The 2020 Global Food Policy Report focuses on the need to build inclusive food systems, both to ensure that marginalized and vulnerable people enjoy the benefits and opportunities that food systems can bring and to support sustainable development.
Global trade rules on the support governments can provide to their farm sectors need urgent reform if countries are to make progress on Agenda 2030—and in particular on Sustainable Development Goal 2, which aims to end hunger and malnutrition, achieve food security, and promote sustainable agriculture.
Over the last decade, social safety nets (SSNs) have rapidly expanded in Africa, becoming a core strategy for addressing poverty, responding to shocks, increasing productivity and investing in human capital.
Since the early 2000s, decentralization has been espoused as a major policy goal of successive Zambian governments. With the passing of the 2019 Local Government Act, a greater understanding is needed of how decentralization has progressed thus far in Zambia and how political economy dynamics have constrained the process.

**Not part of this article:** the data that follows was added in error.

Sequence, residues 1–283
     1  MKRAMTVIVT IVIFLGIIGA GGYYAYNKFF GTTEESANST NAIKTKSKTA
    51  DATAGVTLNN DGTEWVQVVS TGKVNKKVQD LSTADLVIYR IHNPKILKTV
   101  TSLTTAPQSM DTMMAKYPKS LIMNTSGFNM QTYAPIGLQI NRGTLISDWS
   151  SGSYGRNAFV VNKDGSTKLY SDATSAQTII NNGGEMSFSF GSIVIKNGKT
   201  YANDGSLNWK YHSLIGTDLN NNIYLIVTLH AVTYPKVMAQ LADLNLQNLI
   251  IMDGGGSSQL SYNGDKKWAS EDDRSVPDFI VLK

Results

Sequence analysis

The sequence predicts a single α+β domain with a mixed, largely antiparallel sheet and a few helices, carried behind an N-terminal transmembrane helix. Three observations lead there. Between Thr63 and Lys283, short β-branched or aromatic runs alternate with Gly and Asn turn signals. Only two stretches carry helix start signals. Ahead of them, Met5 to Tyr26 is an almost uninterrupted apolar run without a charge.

Gender-sensitive policy and programming have an integral role to play in fostering inclusive agricultural growth to meet the commitments of African countries to the Malabo Declaration goals. The 2019 Annual Trends and Outlook Report from ReSAKSS applies a gender lens to key issues that must be addressed to fully achieve these goals.
Poor dietary quality is a significant risk factor for stunting and micronutrient deficiencies among young children and globally one of the leading causes of premature death and disease (Arimond & Ruel, 2004; Forouzanfar et al., 2015). Dietary quality is typically proxied by diversity of the consumed diet.
Agricultural development has historically focused on poverty reduction and food security but is now increasingly asked to help improve nutrition. Despite this strengthened nutritional mandate, agricultural policies and programs have struggled to develop effective, scalable and cost-effective approaches for reducing undernutrition.
Pakistan is vulnerable to climate change impacts. Like many developing countries, it is also facing the challenge of dealing with governance of climate change and restructuring associated institutions. It is estimated that the future cost of climate impact would be around $6 billion to $14 billion annually over the next 40 years.